from guest mentor Brian Rust

I manage people and programs in information technology. My stresses and pressures come from several sources. For example, we have service emergencies for which I am often the spokesperson. Frustration over the inability to use an essential service can escalate into criticism and anger directed at us.

I've come to understand that criticism is the currency of the university economy. To be critical is to demonstrate knowledge and superiority; to be effective at both giving and taking criticism is to survive and thrive. It’s in this environment that Christians, I believe, can be particularly effective.

In situations where we are receiving criticism and anger, I need to pray for the peace of Christ to rule in my heart, since, as a Christian, I have been called to a life of peace (Colossians 3:15).

My staff and I also have a workload that can be unrelenting. There is always more to do than time in which to get it done. And managing people — hiring, leading, disciplining — is another source of both satisfaction and stress. Again, as a Christian, I have to remind myself God does grant peace if I seek it. I need to bring my burdens to Him, and expect Him to give me rest. As a result, I have come to see that when I acknowledge Him, He really does grant me rest for my soul (Matthew 11:38-30).  

For many, work in the academy is perhaps too profoundly important. The pressures to publish, obtain tenure and grants can lead one to believe it is so important that failure feels like the end of the world. I try to keep and demonstrate an eternal perspective; God is in control, nothing surprises Him. Likewise, nothing should surprise or so profoundly affect his followers — if we hold things lightly.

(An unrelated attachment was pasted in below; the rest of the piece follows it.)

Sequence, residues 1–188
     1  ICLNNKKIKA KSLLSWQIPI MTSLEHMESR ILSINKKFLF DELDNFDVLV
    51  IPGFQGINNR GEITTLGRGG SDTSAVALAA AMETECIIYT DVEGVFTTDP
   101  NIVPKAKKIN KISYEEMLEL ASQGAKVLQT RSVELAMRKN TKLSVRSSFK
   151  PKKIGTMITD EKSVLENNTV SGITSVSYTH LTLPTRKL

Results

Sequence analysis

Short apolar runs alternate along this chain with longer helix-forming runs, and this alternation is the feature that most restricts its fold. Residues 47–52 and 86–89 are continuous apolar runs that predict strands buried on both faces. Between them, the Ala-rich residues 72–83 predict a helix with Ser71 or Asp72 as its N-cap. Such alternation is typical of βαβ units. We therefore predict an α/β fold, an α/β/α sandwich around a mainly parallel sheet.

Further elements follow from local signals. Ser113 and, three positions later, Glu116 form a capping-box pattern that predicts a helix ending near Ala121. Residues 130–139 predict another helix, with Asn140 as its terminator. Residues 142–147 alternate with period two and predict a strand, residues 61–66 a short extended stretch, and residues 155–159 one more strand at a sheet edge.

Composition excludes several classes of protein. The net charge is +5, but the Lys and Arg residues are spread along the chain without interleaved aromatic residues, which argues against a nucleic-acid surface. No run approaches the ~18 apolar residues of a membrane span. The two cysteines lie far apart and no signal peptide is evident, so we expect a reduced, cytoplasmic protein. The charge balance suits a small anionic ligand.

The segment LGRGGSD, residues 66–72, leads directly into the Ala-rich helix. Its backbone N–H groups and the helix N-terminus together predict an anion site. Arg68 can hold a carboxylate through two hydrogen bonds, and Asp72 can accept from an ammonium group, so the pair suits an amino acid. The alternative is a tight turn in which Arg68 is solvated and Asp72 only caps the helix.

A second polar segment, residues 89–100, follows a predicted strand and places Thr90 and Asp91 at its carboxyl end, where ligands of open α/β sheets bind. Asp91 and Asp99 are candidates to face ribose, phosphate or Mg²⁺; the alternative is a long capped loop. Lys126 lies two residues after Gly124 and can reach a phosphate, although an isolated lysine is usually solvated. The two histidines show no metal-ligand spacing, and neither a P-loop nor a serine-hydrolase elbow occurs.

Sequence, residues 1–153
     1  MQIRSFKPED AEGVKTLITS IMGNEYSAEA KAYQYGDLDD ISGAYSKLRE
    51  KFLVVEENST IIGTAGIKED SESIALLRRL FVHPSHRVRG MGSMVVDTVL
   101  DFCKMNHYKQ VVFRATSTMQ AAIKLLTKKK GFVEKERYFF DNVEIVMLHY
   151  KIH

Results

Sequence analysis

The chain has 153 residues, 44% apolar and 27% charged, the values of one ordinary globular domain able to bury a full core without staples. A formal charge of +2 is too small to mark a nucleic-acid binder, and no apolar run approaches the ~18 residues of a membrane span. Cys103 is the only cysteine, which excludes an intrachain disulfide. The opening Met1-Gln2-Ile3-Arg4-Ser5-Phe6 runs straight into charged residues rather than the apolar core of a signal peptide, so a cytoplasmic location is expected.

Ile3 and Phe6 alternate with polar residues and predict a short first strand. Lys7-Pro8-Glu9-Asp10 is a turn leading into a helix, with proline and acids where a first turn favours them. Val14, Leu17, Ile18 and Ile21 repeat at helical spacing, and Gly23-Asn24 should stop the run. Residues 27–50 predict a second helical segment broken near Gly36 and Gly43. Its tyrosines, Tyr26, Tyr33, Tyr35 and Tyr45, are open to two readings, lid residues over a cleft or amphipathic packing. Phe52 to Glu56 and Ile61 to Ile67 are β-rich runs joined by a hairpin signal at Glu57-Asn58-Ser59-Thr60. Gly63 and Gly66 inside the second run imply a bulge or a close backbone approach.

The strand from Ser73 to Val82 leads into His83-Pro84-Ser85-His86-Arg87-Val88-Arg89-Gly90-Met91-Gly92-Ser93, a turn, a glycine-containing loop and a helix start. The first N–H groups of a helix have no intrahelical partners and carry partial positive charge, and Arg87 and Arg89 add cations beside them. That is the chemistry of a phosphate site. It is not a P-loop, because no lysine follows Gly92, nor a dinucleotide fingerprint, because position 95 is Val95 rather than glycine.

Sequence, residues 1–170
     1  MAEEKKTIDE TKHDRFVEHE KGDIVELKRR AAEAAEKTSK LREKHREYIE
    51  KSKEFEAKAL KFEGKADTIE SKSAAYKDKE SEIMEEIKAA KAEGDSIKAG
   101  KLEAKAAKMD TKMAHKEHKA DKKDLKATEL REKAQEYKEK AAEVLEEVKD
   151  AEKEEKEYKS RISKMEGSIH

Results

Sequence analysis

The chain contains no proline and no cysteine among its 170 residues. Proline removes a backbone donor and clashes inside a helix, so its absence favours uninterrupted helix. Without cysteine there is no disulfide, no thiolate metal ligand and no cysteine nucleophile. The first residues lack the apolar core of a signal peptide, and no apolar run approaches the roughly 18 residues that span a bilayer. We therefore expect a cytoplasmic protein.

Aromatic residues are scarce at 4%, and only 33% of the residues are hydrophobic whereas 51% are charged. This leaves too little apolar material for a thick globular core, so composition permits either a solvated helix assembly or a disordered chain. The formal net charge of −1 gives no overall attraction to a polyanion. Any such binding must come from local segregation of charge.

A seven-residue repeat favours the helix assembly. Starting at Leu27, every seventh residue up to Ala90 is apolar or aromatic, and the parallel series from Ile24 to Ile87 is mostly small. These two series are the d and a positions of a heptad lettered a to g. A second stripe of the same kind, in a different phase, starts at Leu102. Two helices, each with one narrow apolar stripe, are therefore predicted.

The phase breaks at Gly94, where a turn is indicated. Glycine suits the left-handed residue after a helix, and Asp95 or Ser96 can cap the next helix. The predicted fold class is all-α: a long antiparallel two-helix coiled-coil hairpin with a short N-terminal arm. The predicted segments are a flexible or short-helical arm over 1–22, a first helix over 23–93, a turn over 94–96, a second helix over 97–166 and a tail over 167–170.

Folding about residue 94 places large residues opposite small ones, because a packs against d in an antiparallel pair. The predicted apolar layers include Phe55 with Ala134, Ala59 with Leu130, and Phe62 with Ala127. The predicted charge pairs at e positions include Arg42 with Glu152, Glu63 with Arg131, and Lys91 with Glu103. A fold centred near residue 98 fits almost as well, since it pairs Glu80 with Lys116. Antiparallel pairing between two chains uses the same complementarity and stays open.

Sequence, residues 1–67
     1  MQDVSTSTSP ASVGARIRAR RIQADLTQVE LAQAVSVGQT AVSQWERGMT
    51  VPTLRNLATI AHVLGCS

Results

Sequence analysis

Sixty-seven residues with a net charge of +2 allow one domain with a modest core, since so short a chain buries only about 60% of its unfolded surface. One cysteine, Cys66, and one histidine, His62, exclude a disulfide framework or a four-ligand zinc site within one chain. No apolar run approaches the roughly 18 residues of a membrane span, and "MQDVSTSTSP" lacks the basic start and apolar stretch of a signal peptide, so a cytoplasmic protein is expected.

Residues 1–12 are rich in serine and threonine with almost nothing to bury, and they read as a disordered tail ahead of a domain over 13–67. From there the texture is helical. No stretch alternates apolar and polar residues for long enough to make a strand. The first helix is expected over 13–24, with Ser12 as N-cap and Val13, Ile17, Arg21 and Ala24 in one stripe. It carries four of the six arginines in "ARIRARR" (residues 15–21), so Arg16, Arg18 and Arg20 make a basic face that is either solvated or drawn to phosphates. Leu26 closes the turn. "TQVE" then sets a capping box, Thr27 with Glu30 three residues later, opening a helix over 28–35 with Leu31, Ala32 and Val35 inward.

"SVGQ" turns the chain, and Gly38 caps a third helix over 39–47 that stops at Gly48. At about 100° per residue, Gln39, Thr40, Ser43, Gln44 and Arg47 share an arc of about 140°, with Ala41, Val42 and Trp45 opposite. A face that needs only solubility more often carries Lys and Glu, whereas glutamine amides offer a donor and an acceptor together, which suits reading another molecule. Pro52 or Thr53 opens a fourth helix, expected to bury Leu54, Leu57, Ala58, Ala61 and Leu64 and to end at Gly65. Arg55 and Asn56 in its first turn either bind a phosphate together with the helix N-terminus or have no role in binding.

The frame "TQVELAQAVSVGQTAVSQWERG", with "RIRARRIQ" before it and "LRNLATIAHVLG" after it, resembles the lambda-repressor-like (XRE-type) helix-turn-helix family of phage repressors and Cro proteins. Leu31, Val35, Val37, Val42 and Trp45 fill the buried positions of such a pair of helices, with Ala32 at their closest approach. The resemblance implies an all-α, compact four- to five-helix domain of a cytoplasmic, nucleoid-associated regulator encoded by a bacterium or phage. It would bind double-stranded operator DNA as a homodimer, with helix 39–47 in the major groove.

I also try to see things from others’ perspectives — to not respond to criticism with criticism. We are all under pressures. Hard as it may be, I need to try to rise above.

Of course I fail. I make mistakes in my work. And I fail to handle pressure well at times. Sometimes it seems like a double failure because I not only disappoint myself, but others who are watching me. All I can do is be transparent. I need to admit failure and, as needed, seek forgiveness.

This is where my attempts to be faithful to God turn into a witness before others. Occasionally people will ask me how I seem to handle pressure so well. At other times they confide in me that they are dealing with things that seem overwhelming. I pray for them, and I tell them I am praying for them. Not just “thinking positive thoughts,” or “hoping for the best.” But asking God to help them in the same ways he helps me.

I also try to make time to ask and listen to others’ concerns. I don’t try to solve their issues or lend advice unless asked. I try to be ready to give an account for the joy, or peace, or hopefully good example that they see — which is Christ in me.